Facebook and the Circulation of Capital: The Rentier Supply Chain of Social Media Marketing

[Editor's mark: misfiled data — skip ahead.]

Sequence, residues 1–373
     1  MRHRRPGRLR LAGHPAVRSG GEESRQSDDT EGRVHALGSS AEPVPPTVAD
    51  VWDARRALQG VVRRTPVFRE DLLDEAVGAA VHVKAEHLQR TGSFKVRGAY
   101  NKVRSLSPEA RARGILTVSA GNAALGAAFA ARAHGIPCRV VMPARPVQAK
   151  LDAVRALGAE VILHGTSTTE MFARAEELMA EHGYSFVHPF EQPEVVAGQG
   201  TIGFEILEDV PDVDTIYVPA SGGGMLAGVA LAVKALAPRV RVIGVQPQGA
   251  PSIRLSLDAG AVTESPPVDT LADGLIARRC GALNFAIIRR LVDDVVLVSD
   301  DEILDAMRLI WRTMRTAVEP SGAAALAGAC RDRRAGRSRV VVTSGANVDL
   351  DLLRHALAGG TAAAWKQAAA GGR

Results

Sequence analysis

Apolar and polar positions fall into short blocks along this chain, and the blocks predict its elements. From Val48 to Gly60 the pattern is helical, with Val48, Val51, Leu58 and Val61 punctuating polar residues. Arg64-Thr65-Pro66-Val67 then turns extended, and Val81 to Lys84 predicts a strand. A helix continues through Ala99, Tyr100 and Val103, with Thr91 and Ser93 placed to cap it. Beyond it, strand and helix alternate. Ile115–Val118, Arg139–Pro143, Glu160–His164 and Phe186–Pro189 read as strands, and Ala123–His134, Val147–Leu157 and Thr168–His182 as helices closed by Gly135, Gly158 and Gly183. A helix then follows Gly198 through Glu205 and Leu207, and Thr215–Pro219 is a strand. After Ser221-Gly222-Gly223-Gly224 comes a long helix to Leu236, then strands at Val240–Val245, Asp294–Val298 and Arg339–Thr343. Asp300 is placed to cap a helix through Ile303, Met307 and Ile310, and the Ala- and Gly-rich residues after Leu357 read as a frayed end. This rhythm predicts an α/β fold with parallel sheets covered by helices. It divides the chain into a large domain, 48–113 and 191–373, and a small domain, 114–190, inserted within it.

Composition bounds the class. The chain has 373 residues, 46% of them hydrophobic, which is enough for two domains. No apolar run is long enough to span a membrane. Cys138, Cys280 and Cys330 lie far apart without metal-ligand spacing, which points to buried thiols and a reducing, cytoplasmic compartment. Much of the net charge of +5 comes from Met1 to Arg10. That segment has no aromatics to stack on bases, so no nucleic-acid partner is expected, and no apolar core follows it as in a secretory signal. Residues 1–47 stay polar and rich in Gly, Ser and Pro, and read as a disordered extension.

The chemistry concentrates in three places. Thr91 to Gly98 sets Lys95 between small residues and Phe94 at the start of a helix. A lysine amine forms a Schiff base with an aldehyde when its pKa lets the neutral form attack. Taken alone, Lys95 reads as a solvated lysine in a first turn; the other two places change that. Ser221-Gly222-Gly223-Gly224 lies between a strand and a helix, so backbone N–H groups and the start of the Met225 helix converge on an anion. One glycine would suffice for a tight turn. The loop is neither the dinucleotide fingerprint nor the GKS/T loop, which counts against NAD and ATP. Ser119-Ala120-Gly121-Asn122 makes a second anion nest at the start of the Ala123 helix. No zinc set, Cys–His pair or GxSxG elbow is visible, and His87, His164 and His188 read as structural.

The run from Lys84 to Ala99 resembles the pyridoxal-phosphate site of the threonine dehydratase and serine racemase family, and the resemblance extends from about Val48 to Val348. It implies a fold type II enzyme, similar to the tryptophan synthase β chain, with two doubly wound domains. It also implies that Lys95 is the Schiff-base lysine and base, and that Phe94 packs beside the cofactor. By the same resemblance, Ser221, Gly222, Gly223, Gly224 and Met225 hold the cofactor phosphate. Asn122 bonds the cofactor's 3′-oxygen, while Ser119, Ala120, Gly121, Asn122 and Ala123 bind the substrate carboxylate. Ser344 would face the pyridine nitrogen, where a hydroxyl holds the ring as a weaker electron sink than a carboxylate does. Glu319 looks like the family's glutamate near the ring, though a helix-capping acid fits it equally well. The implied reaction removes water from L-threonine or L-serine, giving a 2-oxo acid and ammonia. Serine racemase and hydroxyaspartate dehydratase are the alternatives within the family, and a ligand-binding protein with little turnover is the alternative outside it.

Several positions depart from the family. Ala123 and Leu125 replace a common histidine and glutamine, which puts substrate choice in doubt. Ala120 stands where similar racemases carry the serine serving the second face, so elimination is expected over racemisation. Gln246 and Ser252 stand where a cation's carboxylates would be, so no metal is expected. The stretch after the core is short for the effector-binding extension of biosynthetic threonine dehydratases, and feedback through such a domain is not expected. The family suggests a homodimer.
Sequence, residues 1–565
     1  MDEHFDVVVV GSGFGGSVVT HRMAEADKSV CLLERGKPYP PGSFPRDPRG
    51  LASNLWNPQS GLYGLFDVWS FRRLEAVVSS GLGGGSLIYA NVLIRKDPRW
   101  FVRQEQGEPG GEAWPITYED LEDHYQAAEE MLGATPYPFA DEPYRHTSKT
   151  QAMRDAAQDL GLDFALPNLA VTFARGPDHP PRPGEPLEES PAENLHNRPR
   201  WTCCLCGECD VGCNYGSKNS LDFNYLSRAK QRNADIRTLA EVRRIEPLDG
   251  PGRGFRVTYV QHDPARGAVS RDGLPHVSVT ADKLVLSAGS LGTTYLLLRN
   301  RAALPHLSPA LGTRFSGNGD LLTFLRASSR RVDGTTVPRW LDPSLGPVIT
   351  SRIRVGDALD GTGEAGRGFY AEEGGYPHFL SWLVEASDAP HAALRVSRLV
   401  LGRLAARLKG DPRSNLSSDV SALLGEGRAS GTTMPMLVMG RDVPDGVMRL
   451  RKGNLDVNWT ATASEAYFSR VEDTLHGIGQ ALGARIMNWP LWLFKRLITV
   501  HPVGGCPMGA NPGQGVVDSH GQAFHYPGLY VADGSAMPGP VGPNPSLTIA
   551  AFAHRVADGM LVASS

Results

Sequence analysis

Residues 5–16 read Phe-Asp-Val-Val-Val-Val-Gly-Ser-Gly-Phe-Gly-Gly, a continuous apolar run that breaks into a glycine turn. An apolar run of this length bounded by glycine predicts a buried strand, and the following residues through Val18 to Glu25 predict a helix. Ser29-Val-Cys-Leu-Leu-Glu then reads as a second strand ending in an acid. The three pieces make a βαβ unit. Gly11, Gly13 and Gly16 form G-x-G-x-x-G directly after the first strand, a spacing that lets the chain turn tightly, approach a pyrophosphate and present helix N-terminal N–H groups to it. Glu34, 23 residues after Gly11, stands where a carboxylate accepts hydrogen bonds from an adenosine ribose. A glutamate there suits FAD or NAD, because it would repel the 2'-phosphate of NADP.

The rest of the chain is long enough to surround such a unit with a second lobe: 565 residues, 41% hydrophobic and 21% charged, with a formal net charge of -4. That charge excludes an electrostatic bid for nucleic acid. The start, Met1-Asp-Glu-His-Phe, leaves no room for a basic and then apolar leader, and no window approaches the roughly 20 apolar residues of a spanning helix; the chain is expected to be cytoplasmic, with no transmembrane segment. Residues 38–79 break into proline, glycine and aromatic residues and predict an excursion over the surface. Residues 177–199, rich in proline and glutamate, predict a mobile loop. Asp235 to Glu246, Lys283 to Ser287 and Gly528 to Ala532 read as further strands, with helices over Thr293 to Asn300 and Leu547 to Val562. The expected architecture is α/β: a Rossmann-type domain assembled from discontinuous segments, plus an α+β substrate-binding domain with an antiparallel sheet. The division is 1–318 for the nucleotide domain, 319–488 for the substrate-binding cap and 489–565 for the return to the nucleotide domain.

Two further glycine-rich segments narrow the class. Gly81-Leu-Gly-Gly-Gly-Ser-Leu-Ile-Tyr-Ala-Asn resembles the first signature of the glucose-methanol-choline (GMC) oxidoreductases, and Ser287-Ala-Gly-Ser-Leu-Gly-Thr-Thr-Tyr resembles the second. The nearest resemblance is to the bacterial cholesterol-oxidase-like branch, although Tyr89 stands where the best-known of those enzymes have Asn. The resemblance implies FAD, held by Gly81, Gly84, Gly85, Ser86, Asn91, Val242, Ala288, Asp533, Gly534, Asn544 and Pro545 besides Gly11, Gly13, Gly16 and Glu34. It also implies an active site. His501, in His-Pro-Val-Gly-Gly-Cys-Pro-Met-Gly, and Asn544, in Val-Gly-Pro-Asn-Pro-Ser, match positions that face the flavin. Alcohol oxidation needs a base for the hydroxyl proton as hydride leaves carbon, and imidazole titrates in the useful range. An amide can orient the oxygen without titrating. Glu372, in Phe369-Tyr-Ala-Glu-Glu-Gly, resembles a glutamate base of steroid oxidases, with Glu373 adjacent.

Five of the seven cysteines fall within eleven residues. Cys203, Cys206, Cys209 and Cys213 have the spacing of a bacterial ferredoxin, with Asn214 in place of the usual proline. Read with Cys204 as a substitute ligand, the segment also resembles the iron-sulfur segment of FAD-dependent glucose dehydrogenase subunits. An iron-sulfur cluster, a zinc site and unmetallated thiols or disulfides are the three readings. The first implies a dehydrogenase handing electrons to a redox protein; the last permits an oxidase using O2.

Abstract: Digital space is a novel form of spatial expression which have been core to the business model of some of the largest firms within the 21st century. Mobilizing tools from geographical political economy, Facebook and the core function of its digital space is critically analyzed, along with how value is distributed along the advertising supply chain. Facebook, through its continual expenditure on use-values in its digital space aims to capture its user within its framework of socio-technical services. The production of digital space rests upon the material infrastructure (server hall, cable networks), the ideological production (data, algorithms), and the everyday life of the online user to establish a rentier condition. Enclosing the user as such gives an advantage over competing firms, establishing an ownership over the access to the condition of production of digital space. To analyze these processes in the concrete, a specific online advertising campaign on Facebook by a Swedish firm is examined. The study traces the supply chain of the online advertising campaign through Quentin and Campling’s (2018) Global Inequality Chain analysis. The supply chain originates in surplus value extracted from manufacturing in Slovakia by a Swedish producer in Halmstad. Throughout the campaign, several urban cores in Sweden capture value through unproductive services used to optimize digital advertising but the majority, however, is captured by Facebook and rerouted out of Sweden to Ireland. Value capture within Facebook’s supply chain emphasizes the urban, while both the production of the commodity, and (material) digital space itself (the server hall in Luleå) captures low amounts of value. The corporate entity of Facebook is reliant upon appropriation of external industries surplus value and is consequently a facilitator of the social relations of production those goods originate in. The profit flow of Facebook is an extension of the hierarchical interfirm relationship of value capture between the brand owning individual capital in Halmstad and the productive Slovakian individual capital. The digital economy of Facebook is as such the continued facilitation of the social relations of production already present in external industries, and is not revolutionary in any other way than its effectivization of certain aspects of capital circulation and mobility.
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